As the director of product in his last role, Josh Martow, MBA 23, dreaded nagging his team members to make sure work got done. When he arrived at Berkeley Haas, he started mapping out an idea to solve his own problem, which led to the launch of startup Chaser.
In this interview, Martow explains how Chaser makes people more productive.
Could you give us a quick synopsis of what Chaser does?
Chaser follows up with your co-workers on the things they need to do. There are other project management tools out there that are supposed to solve this problem, but they break down because most teams struggle to constantly keep them up to date; no one wakes up in the morning and thinks, “I’m going to check Trello.”
With Chaser, you can delegate a task to anybody from within Slack. Chaser sends them the task, collects progress updates, and follows up until it’s complete. It works like magic because your co-workers never have to open Chaser. They don’t have to sign up for it or even know what it is! Their tasks just arrive in their inbox, and they can click “complete” right there.
How did you come up with the idea?
At my last job, so much of my work as a manager required making sure work was being taken across the finish line, which meant following up with people a lot. It’s not fun to be a nag and feel like you’re a babysitter to your team. It’s also not productive. And on the other end, no one likes to constantly receive these types of messages.
We’re doing with Chaser what Google did for calendars.
We’re doing with Chaser what Google did for calendars. It’s amazing that my friends and co-workers can put events right on my calendar for me and all of the sudden our calendars are synced up. Why doesn’t this exist for to-do lists? Imagine if your co-workers helped populate your to-do list for you and all you had to do was hit “complete” or “change date” and it would reflect on their end too, just like when you RSVP on Google Calendar, or move an event around.
How does a manager use Chaser?
So anyone can add Chaser to a Slack workspace. Once it’s added, just type “/todo,” tag the assignee, write the task, and include a due date, if there is one. The task will appear in your direct messages and Chaser will take it from there! You can follow along in your dashboard, which also lives inside Slack, while Chaser goes out and makes sure it gets done.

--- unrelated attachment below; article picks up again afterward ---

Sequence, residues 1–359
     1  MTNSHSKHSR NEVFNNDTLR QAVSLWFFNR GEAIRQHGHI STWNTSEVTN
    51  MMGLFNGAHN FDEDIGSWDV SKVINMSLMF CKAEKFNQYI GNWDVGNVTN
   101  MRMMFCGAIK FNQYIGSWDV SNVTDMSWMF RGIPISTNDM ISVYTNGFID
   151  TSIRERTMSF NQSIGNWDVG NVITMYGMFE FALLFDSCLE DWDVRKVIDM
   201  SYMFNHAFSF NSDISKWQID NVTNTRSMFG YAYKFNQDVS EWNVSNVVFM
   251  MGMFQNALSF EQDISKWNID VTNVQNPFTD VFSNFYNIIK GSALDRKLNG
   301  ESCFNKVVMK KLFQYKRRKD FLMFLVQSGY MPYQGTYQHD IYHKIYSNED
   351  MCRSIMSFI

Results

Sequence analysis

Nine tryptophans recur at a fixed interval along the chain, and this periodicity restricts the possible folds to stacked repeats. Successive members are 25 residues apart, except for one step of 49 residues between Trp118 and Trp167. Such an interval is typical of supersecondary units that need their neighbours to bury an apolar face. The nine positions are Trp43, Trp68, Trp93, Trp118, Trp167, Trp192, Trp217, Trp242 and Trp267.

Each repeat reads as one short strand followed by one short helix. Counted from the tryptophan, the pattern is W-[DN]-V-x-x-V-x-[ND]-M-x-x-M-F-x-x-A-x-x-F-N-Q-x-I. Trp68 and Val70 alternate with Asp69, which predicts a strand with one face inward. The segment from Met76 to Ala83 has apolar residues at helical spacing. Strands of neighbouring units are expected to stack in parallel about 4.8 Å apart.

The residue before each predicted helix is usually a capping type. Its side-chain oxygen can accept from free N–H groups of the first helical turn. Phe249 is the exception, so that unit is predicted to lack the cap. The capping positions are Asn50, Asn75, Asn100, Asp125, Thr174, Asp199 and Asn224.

For now we’re actually offering Chaser for free, so everyone can give it a try here.
What was your background before coming to Haas?
Before Haas, I was the first employee at a startup Thriver Technologies. I got to wear every hat there. Throughout my time there I led sales, product, growth, and business intelligence. I was just running around doing whatever I could to help set up everything the company needed. We grew it to 150 people and raised a Series B, and after five years, I really got bit by that entrepreneurship bug and decided I wanted to do this myself. I ended up teaming up with the director of engineering and we set off to start our own thing.
How has Haas helped you as an entrepreneur?
The two biggest things for me have been extracurriculars and classmates. For extracurriculars, some free accelerators connect you with mentors, help you hone your pitch, and help you figure out your business. After competing in one of the Demo Days, one of the judges, who was also a VC, ended up putting in $100,000 after hearing the pitch.
But my favorite thing about Haas is the Haasies. There are just a ton of great people who are interested in and want to talk about startups, and everyone comes from such diverse professional backgrounds. Just having people to bounce ideas around with is just so valuable.
What made you want to get an MBA to launch a company rather than launch without going to business school?
I didn’t study business as an undergrad and I wanted formal business training. I also needed time to develop more clarity and conviction around what we wanted to build.
But also, you hear that business school is a great place to start a company. And it’s 100% true.
Not having a full-time job gives you the freedom to explore, and being around Haasies realy helps you with that exploration. Not to mention access to the resources available, the accelerators, and being in the Bay Area. All of these things kind of just make it the perfect place to start a company.
What advice do you have for people considering launching a business while earning an MBA?
The No. 1 piece of advice is to cut out the things that are not 100% critical, and don’t succumb to FOMO when you see classmates doing things you just frankly won’t have time for. I definitely did not appreciate this enough at the start and was signing up for more than I could handle and would often be disappointed when I needed to miss out on things. It would have been a lot easier if I came into it understanding that you can’t do it all while you’re trying to get a startup off the ground.
That said, it’s a great experience, and it’s immensely valuable to be in school learning while thinking about your business and applying the things in class to your business every day.